I placed a few strips of masking tape on the outside to aid in locating the switch cutout. The switches supplied with my heaters needed a 9/16" x 1-1/8" cutout. Check yours before proceeding and adjust accordingly. I drew the location of the cutout on the tape in pencil making sure the switch was square with the top edge of the covered compartment. Both the bottom edge and the compartment top are curved so dont try to use these to align the switches.
Note that the cavities for the drink holder and the storage areas do not have straight sides. This is known as "Draft" and allows the console to be pulled out of the mold during manufacture. When looking at the underside of the console, this makes our switch gap larger at the top that it is deep down inside. Be sure to take this into account too. Try and position the switches as far down (closer to the lid when the console is installed) as possible. Be careful of the boss sticking up on the hinge side.
Once I had the cutouts marked on the tape and I had measure and checked for the 100th time, I was ready to commit. I used a very sharp knife (a large X-Acto) and a metal straight edge to scribe the lines into the plastic console. Be careful and dont scribe beyond the corners of the cutout.
I removed the tape and used a drill and 1/8" bit to drill a series of holes around the inside edge of the waste area. It is easier to drill the holes next to each other instead of trying to overlap them. It is easy to cut the remaining material between the holes.
Cut the majority of the waste piece out with the knife. I then used the knife to slowly pare the opening to the scribed line. Check the size of the hole with the ruler and test fit the switch often. Be careful not to push the switch all of the way in until you are really done. It is a bear to get back out. Once both holes (if you are doing both seats) are finished and the console is cleaned up, snap the switches into place. Be sure to orient the switch with the little seat picture down when the console is installed. Switches are normally installed so that the off position is down and on is up. The seat picture corresponds to the off position.
The wiring of the seats is another change I made. The harness provided by the manufacturer requires the supply power to be run out to the seats and then brought back to the switches. This would make two cables under the carpet for each seat. The flag style spade connectors on the switch end of the cables would not fit in the narrow place where I positioned my switches. And I thought a connector between the switches and the harness would be handier if I ever needed to remove the console again. The alternative would be to disconnect 6 spade connectors from the switches up in the tight little space.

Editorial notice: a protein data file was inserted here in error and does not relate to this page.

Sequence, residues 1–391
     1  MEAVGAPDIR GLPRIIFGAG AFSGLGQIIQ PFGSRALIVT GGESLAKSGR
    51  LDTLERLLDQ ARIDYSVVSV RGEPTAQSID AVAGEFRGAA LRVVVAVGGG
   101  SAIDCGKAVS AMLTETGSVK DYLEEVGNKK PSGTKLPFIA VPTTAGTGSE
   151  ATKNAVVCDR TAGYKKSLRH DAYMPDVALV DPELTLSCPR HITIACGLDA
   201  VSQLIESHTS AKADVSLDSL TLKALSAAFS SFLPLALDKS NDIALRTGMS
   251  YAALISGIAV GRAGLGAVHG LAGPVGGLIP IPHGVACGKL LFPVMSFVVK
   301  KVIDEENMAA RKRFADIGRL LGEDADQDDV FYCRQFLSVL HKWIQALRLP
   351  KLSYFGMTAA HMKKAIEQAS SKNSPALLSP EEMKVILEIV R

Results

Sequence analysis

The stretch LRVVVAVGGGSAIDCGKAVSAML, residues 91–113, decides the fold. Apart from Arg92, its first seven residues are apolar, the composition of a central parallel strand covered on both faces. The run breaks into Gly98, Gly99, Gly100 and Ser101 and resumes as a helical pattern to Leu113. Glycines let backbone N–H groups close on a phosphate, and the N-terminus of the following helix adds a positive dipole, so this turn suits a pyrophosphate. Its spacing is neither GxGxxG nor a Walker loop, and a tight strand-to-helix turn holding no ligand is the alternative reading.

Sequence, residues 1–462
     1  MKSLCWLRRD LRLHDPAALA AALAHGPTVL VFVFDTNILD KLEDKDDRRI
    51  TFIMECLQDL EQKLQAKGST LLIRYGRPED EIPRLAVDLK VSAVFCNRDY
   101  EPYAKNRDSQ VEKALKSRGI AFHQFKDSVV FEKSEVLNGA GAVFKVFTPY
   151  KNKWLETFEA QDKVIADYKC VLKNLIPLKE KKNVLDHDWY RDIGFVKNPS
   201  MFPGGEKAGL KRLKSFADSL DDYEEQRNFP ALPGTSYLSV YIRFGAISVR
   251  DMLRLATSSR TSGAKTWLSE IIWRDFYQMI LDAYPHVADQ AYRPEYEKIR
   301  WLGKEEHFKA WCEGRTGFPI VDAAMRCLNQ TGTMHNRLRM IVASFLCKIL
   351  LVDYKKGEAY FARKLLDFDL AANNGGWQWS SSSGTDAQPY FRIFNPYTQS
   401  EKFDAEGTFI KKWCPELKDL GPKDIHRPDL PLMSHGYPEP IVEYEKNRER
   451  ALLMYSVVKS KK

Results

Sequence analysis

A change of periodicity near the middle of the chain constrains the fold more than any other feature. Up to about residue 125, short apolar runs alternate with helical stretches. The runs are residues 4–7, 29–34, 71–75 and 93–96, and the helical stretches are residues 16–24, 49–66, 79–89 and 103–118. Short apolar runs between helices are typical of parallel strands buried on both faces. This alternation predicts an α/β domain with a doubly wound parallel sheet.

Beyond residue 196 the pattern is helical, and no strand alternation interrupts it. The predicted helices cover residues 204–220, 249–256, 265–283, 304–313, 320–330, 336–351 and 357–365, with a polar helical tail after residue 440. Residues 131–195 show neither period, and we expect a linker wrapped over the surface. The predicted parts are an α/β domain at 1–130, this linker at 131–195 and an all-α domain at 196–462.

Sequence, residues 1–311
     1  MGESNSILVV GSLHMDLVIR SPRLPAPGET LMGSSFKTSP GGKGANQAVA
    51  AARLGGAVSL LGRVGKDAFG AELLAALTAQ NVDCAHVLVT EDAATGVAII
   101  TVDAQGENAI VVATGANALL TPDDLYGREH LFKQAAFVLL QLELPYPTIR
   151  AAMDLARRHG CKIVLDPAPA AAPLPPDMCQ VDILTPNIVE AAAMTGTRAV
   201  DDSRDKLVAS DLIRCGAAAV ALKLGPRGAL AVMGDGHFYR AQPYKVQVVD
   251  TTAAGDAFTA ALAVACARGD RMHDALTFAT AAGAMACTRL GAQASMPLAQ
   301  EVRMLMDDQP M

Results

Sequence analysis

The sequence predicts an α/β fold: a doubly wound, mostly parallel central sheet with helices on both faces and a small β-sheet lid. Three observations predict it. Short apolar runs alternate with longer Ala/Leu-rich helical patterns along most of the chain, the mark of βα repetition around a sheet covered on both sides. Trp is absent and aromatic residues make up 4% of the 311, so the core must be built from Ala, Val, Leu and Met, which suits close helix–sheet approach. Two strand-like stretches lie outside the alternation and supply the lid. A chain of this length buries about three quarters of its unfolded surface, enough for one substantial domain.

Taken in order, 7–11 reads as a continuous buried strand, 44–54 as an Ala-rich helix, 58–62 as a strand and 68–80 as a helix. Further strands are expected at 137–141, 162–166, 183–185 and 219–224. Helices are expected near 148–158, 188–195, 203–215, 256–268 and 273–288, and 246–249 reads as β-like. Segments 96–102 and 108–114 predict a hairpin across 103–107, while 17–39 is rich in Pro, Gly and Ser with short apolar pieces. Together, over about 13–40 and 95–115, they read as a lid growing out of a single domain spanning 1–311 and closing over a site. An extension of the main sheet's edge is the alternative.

The first thing to do is to make a little wiring harness for our console. Start with four 6" long pieces of red wire, and two 6" pieces of black wire. You can cut these from the ends of the power harness provided with the heaters. Put a small piece of black tape on two of the red wires. Now crimp and/or solder a ¼" female spade connector onto one end of each of the wires. On the other end, crimp and/or solder one of the contacts from the female Molex connector (Radio Shack P/N 274-236). Attach both black wires to the same contact (you will end up with one Molex contact left over). Push the contacts into the connector shell, according to the following diagram, from the back until they click:
Now attach the spade connectors to the switches following the same diagram. A pair of needle nose pliers helps to seat the connectors.
Now we do a little modification to the seat harnesses. Clip the 3 flag spade connectors from the end of the red, yellow, and black wires on each harness. On the other end of the harness there are two connectors. One has a yellow wire and two black ones, the other has a red and black wire. Determine which black wire in the connector with containing the yellow wire connects with the other plug. Cut this wire about 1" above the connector with the yellow wire. You can now remove the black sleeving over each harness and separate the two connectors. Tape the cut black wire to the other black wire. Be sure the end of the cut wire is covered. Reinstall the longest piece of sleeving back over the yellow and black wires. You can use some black tape to anchor the sleeving close to the connector. Set the connector with the red and black wires aside; we wont be needing it.
Use a coat hanger or other stiff wire to fish the loose end of the wire under the carpet in the car. You want the connector to hang out of the little cutout in the carpet under the seat, and the loose end to come out in the hole in the carpet around the shifter. Secure the connector end so there is 2" to 3" of cable extending from the cutout.